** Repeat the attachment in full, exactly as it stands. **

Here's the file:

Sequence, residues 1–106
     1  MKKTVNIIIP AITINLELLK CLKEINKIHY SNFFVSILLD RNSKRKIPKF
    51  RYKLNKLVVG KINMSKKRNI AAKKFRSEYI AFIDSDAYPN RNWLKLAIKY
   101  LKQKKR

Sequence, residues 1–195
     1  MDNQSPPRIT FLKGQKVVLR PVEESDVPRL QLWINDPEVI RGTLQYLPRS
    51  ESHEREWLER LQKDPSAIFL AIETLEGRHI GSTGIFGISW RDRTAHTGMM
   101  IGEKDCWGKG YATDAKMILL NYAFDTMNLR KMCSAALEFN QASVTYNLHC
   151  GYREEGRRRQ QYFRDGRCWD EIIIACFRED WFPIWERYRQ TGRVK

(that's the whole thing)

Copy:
Sequence, residues 1–106
     1  MKKTVNIIIP AITINLELLK CLKEINKIHY SNFFVSILLD RNSKRKIPKF
    51  RYKLNKLVVG KINMSKKRNI AAKKFRSEYI AFIDSDAYPN RNWLKLAIKY
   101  LKQKKR

Sequence, residues 1–195
     1  MDNQSPPRIT FLKGQKVVLR PVEESDVPRL QLWINDPEVI RGTLQYLPRS
    51  ESHEREWLER LQKDPSAIFL AIETLEGRHI GSTGIFGISW RDRTAHTGMM
   101  IGEKDCWGKG YATDAKMILL NYAFDTMNLR KMCSAALEFN QASVTYNLHC
   151  GYREEGRRRQ QYFRDGRCWD EIIIACFRED WFPIWERYRQ TGRVK